It is also possible to start QlikView by double-clicking a QlikView file.
In this case QlikView starts with the current document opened.
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1 Introduction
Opening a document
To open an existing QlikView file, click Open on the File menu, or click
on the toolbar. You can always
open the most recently used QlikView documents from the start page or the File menu.
Several files can be open simultaneously. Each document opens in its own window. In this case, you can
alternate between the documents from the Window menu, or by using the keyboard combination Ctrl+Tab.
Saving a document
To save a document, click Save on the File menu or click
on the toolbar.
Closing a document
When you close a QlikView document, the selections made are preserved until you open the document
again.
QlikView help
The complete online help for QlikView is available at help.qlik.com. You can searches for topics that contain
information that you are looking for or browse for information within different areas.
You can get help for a specific dialog or function by pressing the F1 key or clicking
on the toolbar while
running QlikView.
Using documents on a QlikView Server
All variants of QlikView can be used to access documents on a QlikView Server. This is done by selecting
Open in Server in the File menu or the start page. Since we cannot assume that you have access to a
QlikView Server, this tutorial deals only with the use of local documents.
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Working with QlikView
This part of the tutorial will show you how to work with an existing QlikView document. Once familiar with the
basic terminology, you will learn how to make selections in QlikView. Subsequently, the components of the
QlikView document will be described one by one. You will learn how to modify and work with the different
sheet objects to get the results you are looking for.
2.1
Creating queries in QlikView
In this lesson you will get an overview of the basic components of a QlikView document and learn how to
make queries in QlikView.
Opening the document for the first time
Do the following:
1. Start QlikView by double-clicking
on your desktop or from the Start menu.
2. On the File menu, choose Open.
3. Select the file Tutorial.qvw under ..\Tutorials source\Working with QlikView, or where your program
files are normally installed, then click Open.
You have now opened this QlikView document.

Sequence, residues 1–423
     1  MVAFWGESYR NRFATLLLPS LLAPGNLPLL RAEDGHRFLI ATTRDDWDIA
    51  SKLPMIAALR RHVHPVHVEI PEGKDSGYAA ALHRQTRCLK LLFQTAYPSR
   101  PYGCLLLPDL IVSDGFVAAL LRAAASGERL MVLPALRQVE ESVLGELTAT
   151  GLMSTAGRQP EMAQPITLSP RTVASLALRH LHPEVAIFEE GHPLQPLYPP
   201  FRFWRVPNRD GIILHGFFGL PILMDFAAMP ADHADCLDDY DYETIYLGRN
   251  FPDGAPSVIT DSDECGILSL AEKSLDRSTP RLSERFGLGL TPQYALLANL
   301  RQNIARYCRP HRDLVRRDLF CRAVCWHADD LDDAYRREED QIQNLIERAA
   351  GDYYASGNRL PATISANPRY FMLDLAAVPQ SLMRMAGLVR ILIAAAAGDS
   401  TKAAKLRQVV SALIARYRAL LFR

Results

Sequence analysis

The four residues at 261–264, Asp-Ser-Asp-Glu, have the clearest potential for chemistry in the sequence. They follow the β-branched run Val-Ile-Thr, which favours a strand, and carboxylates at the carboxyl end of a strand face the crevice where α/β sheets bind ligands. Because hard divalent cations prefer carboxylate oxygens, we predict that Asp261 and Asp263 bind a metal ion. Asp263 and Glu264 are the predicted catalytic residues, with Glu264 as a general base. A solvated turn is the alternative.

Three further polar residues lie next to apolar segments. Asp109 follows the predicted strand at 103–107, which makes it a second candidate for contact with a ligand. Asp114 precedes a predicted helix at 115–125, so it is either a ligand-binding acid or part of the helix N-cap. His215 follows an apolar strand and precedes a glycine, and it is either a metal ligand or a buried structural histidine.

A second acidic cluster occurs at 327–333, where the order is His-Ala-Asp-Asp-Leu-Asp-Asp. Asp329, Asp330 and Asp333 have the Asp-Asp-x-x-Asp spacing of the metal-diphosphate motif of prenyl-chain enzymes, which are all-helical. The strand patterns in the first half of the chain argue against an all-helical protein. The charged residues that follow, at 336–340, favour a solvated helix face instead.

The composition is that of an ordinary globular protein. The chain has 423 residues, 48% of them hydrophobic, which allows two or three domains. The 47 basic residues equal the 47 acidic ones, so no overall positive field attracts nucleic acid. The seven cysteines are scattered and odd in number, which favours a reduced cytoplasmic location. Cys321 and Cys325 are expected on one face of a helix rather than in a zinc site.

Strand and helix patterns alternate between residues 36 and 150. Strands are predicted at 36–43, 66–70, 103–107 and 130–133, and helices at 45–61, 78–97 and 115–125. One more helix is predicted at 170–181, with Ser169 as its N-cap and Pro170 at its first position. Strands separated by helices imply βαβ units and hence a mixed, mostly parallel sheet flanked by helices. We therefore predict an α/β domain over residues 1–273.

Getting familiar with QlikView
This is an example of what a document opened in QlikView may look like.
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A
At the top of the screen you find the menu bar, and just below this, toolbars.
B
Different sheets are shown as different tabs.
C
A sheet can contain many different sheet objects, such as list boxes, bar charts and text objects.
D
The most basic sheet object is the list box. Each list box represents a column (field) of the loaded
database table, and contains a number of (field) values.
E
Buttons are used for performing certain commands.
F
Sheet objects that you are not focusing on at the moment can be temporarily minimized.
G
Search object
H
Multi box
I
Table box
J
Bar chart
K
Input box
L
Text object
M
Statistics box
N
Current selections box
O
Status bar
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Selections
In QlikView, the main way of making queries is through the selection of field values. When you make a
selection, the program instantaneously shows all the field values in the document that are related to the
selected field value. To make a query, or a search, in the database, you just click something you want to know
more about.
Do the following:
1. Open the Geography sheet.
2. In the list box Country, select the value Albania.
The color of the cell turns green. In QlikView terms, the value is selected. The result of the search is
displayed instantaneously in all the other sheet objects. You immediately see which of the values in
the other list boxes are compatible with the selection and which are not.
The cells of associated field values are white. Selected and associated values are referred to as
possible values in this tutorial. A cell whose contents are not associated (whose value does not occur
in combination with that of the selected item) is called excluded. The cells of excluded values are gray.
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To facilitate the overview of the query result, the contents of the list boxes have been sorted, not only
alphabetically, but also by their state: optional values are put at the beginning of the list, excluded
values at the end.
3. To make another selection, simply click the selected cell again, or click another cell in the same list
box. The new selection will replace your previous selection.
4. To select more than one item in the same list box, hold the Ctrl key down while selecting additional
values. If the items you are selecting are adjacent to your first selection, you can instead hold the
mouse button down while dragging the cursor.
Combining selections
An optional value in another list box can be selected in combination with a previously selected value. When
you select an optional value from a list box and then select another optional value from another list box,